John was exiled to Patmos for his testimony – A “fellow participant” in the Tribulation and Perseverance “in Jesus” - Revelation 1:9

Island - Photo by Marek Okon on Unsplash
Patmos is a small island in the Aegean Sea positioned approximately ninety kilometers west of the city of Ephesus. It is eleven kilometers long by seven kilometers wide, making it one of the smaller islands of the Sporades archipelago. Roman literature from the period identifies these islands as a place where political offenders were exiled - (
Tacitus, Ann. iii. 68; iv. 30; v. 71) - [Photo by Marek Okon on Unsplash].

The island was not a penal colony. It had a population large enough to support a gymnasium, acropolis, and shrines to the Greek gods Artemis and Apollo. But its physical isolation made it an excellent place to banish political undesirables.

Political offenders were exiled under the regulation of in insulam, which included the confiscation of property and loss of civil rights. The purpose was banishment, not necessarily forced labor. Only the Emperor could impose this penalty.
  • (Revelation 1:9) – “I, John, your brother, and fellow participant in the tribulation and kingdom and endurance in Jesus, came to be in the isle that is called Patmos, because of the word of God, and the witness of Jesus.


Later tradition claimed John was forced to labor in the mines on Patmos. However, there is no evidence that mines ever existed on the island during or prior to the Roman period (William Ramsay, The Letters to the Seven Churches).

Another regulation under which an individual could be exiled was the sentence of relegatio in insulam. This did not mean the loss of property or civil rights, and often was imposed by a provincial governor if he exiled the offender to a location within his jurisdiction, and Patmos belonged to the province of Asia.

According to the church father Tertullian, John was exiled under this law - (De Praescript. Haer. 36). Probability supports this last option. It is unlikely the emperor would take any interest in the case of a minor provincial.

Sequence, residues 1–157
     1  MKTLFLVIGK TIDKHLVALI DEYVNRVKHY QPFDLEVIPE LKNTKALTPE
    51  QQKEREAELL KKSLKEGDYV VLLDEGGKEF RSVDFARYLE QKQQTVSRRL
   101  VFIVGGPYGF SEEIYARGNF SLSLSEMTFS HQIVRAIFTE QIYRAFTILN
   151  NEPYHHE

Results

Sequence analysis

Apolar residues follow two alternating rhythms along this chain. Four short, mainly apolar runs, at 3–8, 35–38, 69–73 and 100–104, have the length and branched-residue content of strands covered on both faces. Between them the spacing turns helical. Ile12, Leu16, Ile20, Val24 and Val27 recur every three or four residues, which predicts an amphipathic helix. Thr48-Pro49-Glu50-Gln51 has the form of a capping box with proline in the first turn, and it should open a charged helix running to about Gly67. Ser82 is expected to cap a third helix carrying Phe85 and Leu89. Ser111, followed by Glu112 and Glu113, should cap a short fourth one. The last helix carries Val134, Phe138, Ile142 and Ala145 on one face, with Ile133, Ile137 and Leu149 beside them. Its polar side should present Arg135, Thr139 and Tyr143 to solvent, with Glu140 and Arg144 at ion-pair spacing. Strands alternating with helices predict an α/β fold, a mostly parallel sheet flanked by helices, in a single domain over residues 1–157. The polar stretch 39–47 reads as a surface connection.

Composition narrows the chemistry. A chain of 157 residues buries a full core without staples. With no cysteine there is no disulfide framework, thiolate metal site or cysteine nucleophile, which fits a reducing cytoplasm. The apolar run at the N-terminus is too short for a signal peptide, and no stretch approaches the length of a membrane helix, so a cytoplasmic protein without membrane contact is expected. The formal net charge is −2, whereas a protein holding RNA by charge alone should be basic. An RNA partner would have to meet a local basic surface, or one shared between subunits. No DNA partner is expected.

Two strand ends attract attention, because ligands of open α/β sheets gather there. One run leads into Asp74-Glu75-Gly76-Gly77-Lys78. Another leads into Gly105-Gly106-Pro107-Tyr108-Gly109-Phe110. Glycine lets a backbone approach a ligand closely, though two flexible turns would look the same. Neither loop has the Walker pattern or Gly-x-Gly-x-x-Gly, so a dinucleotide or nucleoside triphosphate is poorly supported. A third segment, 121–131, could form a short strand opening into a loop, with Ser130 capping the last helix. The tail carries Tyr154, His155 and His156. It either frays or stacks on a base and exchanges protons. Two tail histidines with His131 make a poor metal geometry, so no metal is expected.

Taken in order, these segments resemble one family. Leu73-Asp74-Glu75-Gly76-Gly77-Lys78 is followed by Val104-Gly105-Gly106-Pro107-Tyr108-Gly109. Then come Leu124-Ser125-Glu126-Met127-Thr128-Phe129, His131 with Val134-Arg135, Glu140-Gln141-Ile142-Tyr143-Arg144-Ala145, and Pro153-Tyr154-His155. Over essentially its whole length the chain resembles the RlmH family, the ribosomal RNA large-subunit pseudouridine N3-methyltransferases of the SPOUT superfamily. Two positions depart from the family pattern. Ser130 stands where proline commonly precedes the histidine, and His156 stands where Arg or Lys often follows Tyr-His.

The letter from Jesus to Smyrna describes the “slander of them who say they are Jews and are not,” and uses the Greek noun blasphémia.(Strong's #G988). While the term can mean “blasphemy,” it commonly meant “slander” as in false accusations.

At Smyrna, some saints were being accused to local magistrates by their opponents for activities offensive to Roman sensibilities, accusations that were “slander” in the eyes of Jesus - (Revelation 2:9-10).

John found himself on Patmos “on account of the word of God and the testimony of Jesus.” The preposition dia rendered here as “on account of” could indicate either that he went to Patmos to proclaim the gospel or was banished there because of his activities elsewhere.

The second alternative is the more probable. First, John was a “fellow participant” in the “tribulation.” Second, in Revelation, saints were persecuted for the “testimony of Jesus.” Third, an almost identical clause is found in the fifth seal opening where the martyrs were presented as individuals slain “on behalf of (dia) of the word of God and their testimony (martyria).” And fourth, the term “testimony” or martyria has judicial overtones - (Revelation 6:9, 11:7, 12:11, 12:17, 20:4).